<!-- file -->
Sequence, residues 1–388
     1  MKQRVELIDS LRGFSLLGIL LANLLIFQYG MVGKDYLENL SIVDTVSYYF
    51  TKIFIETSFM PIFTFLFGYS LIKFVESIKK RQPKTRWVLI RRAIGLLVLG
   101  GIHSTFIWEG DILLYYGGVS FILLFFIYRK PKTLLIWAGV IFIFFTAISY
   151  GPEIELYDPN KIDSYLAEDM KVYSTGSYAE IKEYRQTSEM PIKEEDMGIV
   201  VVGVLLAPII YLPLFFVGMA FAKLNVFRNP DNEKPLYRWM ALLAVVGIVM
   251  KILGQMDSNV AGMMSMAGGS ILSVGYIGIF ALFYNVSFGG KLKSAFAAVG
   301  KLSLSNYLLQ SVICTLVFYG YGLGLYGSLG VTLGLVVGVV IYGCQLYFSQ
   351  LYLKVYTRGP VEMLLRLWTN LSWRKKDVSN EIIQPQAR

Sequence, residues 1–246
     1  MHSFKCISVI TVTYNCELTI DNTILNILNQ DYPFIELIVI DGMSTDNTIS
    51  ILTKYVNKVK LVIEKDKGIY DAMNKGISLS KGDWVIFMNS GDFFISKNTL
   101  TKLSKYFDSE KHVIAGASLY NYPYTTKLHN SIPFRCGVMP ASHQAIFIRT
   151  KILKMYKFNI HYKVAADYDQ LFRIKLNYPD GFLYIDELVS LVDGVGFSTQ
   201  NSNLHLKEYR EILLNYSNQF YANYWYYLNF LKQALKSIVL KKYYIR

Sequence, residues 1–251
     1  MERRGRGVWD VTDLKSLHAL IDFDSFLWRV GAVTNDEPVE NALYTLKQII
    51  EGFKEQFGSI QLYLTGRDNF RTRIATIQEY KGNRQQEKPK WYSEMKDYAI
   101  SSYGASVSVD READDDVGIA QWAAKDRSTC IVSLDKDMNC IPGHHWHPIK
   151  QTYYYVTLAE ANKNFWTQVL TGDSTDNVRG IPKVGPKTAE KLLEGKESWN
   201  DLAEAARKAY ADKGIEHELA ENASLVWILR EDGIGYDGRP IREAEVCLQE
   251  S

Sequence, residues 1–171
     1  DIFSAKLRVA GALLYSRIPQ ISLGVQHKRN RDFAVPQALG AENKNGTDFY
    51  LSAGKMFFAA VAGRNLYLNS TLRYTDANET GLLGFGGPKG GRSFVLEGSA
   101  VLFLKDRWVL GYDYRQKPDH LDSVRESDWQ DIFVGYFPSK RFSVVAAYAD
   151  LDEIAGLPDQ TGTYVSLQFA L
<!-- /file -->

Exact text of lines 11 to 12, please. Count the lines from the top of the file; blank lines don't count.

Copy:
     1  MHSFKCISVI TVTYNCELTI DNTILNILNQ DYPFIELIVI DGMSTDNTIS
    51  ILTKYVNKVK LVIEKDKGIY DAMNKGISLS KGDWVIFMNS GDFFISKNTL